Sometimes the hardest part about volunteering is getting too involved.
At first, giving your time seems like something that should go without saying. You have an extra few hours on the weekend, you go spend them with friends reading books to kids in the children’s cancer ward in Cipto Mangunkusumo General Hospital or drop by any number of the street kid organizations around Jakarta and pass the next two hours explaining how to conjugate the third person singular.
The next thing you know you’re hooked. The kids have wiggled their way into your heart and there’s no turning back. Their happiness is your happiness. Their achievements are yours. You feed off their successes and listen fixed when they ask questions about why we call a rupiah a rupiah or why a duck’s quack doesn’t echo. There’s an imprint on your heart, leaving you forever changed.
But it’s when something big happens, one of the children from the hospital passes away in the middle of the night or one of the street kids is abducted or becomes addicted to sniffing glue and disappears — that’s when things really come into perspective.
How do you keep trying to do good after something so bad happens? How do you drag yourself back to the hospital week after week when you know that the kids you’re reading to might not be there next week?
Perhaps no one knows this better than Three Little Angels and Blood for Life founder, Valencia “Silly” Mieke Randa, who has held the hand of dozens of mothers who have lost their babies to cancer and other horrible diseases.
“When a mother loses her child, it’s heartbreaking,” says Silly, whose foundation not only counsels mothers, but also helps lift the financial burden of funerals. “For the volunteer there’s a sudden juxtaposition of closeness to the child and the family as well as tremendous loss.”
That’s when volunteers play their biggest role. Sometimes you have to be strong, not because you want to, but because other people depend on that strength. The gratitude and thanks of the families, Silly says, serves as energy for volunteers.
“It makes volunteers feel like they’re on the right track and that we can’t stop here. There are so many children and families who simply need hope.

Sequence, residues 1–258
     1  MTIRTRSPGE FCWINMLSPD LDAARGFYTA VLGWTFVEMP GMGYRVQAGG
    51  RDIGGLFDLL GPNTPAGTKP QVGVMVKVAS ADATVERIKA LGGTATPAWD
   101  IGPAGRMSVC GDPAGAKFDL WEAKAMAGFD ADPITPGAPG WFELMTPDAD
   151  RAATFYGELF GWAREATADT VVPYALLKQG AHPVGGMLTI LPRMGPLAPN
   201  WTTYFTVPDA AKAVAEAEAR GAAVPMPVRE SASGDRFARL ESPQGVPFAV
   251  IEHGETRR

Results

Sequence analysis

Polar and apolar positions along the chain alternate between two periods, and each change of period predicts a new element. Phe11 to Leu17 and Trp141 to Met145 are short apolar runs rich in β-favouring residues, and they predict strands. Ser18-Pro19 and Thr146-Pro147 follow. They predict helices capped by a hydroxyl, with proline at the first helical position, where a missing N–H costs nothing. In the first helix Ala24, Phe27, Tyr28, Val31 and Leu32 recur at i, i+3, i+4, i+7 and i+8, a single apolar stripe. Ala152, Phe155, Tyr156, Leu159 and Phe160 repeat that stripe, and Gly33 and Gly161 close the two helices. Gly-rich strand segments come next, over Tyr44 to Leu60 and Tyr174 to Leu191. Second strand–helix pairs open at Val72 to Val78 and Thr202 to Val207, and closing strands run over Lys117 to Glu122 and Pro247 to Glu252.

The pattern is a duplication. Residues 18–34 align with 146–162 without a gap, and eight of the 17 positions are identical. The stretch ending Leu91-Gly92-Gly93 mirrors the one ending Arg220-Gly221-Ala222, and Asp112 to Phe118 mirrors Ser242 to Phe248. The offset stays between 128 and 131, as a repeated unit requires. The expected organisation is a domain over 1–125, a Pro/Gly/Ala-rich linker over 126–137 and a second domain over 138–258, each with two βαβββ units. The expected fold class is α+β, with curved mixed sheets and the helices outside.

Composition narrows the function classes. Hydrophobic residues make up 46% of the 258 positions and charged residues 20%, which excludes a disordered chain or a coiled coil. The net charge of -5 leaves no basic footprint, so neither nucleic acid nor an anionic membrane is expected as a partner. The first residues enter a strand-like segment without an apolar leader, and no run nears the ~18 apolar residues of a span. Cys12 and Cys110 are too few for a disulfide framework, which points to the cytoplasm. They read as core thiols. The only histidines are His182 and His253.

“We don’t bring with us some kind of magic, but we come with a little hope and let the parents and kids know they’re not alone, that there’s a love that flows from us to them, a love that might help alleviate a little of the pain. Our love brings hope and the spirit to not give up easily. In return, we feel good by doing good things.”
Recently, the volunteers at Cipto Mangunkusumo lost a little boy named Taufan.
Taufan, who had just turned 7, had been fighting leukemia for more than two years. And up until a week ago it looked like he was winning.
He had grown so strong in fact, that he only made occasional visits to the hospital, where when he would arrive he would be given a bed in room 113, which doctors, nurses and volunteers all know is the room recovering kids get to stay in. Being placed in room 113 essentially means you are not sick, you’re only stopping in for a bit of chemo and a check up.
Taufan was so proud of not being sick anymore — his hair and eyebrows were just starting to grow back — that when he and his mom made the trip from their home in Bekasi, he didn’t even wait for them to show him to room 113. Taufan confidently strolled right in while his mom filled out paperwork and got him checked in. He even refused to go to the other six rooms in the ward, insisting that he was getting better and did not want to go to the rooms where sick kids went.
Then, Thursday two weeks ago, on his birthday, Taufan, who was receiving chemotherapy, fell unconscious. He never woke up, and died the next Wednesday at 4 a.m.
To say these things happen is to dehumanize Taufan. Sure, we hope his mother takes what happened to her son as an opportunity for her to rise above the tragedy and use Taufan’s legacy as a way for her to join Three Little Angels or another support organization and come back to the hospital where her son died to counsel and console other mothers. It may happen. It may not. No one but Taufan’s mom can make that choice.
Volunteers have a very similar choice. When things get bad — when they get worse than bad — volunteers can either throw in the towel and quit or simply use that pain to do more good in the world. Taufan’s legacy can stay with us the rest of our lives, when we are too tired or too busy to help we can think of him and remember how he used to jump up and down on the gurney in 113 giggling and playing until the nurses had to ask him in a matronly way to please stop and let the kids who were not feeling as well as him have some peace and quiet. The day before Taufan died, he lay in the children’s intensive care unit at Cipto, his seven-year-old heart racing to keep him alive. “I’m not sure what else to do,” Taufan’s mother said holding his tiny hand in hers as the heart monitor beeped. She had no idea 12 hours later her son would breathe his last breath. She bit her lip and blinked away tears. No one ever knows what else to do. And Taufan and his mother’s courage are not ours. But we get involved anyway, regardless of the outcome.
The only thing we can do—as volunteers and as human beings—is to keep doing what we know in our hearts to be the right thing. We keep kindness in the picture and we keep helping where we can. Because in the end, all we have is one another.
Maybe getting too involved is a good thing after all.